Publications

Energy utilisation efficiencies of digested protein, fat and carbohydrates in striped catfish (Pangasius hypophthalmus) for whole body and fillet growth

Phan, L.T.T.; Kals, J.; Masagounder, K.; Mas-Muñoz, J.; Schrama, J.W.

Summary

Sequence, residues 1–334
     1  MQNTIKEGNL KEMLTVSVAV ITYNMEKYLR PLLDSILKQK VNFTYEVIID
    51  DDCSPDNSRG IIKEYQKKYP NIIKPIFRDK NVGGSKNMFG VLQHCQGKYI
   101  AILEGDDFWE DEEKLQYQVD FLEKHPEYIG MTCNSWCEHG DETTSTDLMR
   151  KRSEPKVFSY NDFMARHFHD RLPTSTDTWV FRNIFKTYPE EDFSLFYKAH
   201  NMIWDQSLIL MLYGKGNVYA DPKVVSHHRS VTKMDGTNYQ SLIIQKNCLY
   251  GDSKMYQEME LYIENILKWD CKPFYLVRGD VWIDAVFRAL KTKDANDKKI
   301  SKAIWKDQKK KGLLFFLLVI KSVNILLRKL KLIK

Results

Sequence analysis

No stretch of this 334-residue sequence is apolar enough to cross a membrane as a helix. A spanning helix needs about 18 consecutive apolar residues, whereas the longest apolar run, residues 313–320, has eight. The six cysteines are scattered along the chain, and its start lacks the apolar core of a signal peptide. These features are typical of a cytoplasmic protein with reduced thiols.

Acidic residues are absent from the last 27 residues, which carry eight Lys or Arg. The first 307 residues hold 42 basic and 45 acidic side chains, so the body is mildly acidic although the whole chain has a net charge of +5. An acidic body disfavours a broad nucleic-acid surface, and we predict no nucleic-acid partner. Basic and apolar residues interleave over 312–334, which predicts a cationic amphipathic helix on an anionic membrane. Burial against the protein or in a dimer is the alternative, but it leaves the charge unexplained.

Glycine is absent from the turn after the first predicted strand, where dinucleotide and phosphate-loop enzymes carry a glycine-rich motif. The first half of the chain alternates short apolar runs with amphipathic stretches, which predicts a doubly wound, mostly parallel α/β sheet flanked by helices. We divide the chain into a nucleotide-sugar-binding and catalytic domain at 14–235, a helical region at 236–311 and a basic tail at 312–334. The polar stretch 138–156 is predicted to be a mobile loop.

This study aimed to assess the effect of dietary macronutrient composition on the relationship between RE and DE intake (i.e., the maintenance energy requirements and the slope [kgDE]); to quantify the energy utilisation efficiencies of digested protein, fat and carbohydrates for whole body growth as well as fillet growth in striped catfish (Pangasius hypoththalmus). To achieve these aims, a 63-day experiment was conducted on striped catfish (29.1 g). A total of 4 diets were studied at 2 feeding levels, low vs. high (12 vs. 22 g.kg−0.8.d−1, respectively), which resulted in a 4 × 2 factorial design. The four diets had contrasting inclusion levels of protein, fat and carbohydrates. Striped catfish digested part of the non-starch polysaccharides (33.6–71.0%) while starch is almost completely digested (> 94%). By conducting the regression between RE and DE intake over diets, the energy utilisation efficiency for striped catfish was estimated at 71% through the equation: RE = − 42 (se 9.2) + 0.71 (se 0.049) DE intake, (R2 = 0.95). Dietary macronutrient composition did not affect the relationship between RE and DE intake. Multiple regression between RE as a function of digested protein, fat and carbohydrates intake (in g.kg−0.8.d−1) was also conducted to estimate the energy utilisation efficiency of digested protein, fat and carbohydrates. The estimated energy efficiencies of digested protein, fat and carbohydrates for energy retention at the whole fish level were 64%, 80% and 58%, respectively. The energetic values of dCP, dFat and dCarb for whole body growth differ from the energetic values for fillet production. For fillet growth, digested protein had a higher potential compared to digested fat and carbohydrates, however this needs to be used in a balanced ratio with digested fat and carbohydrates.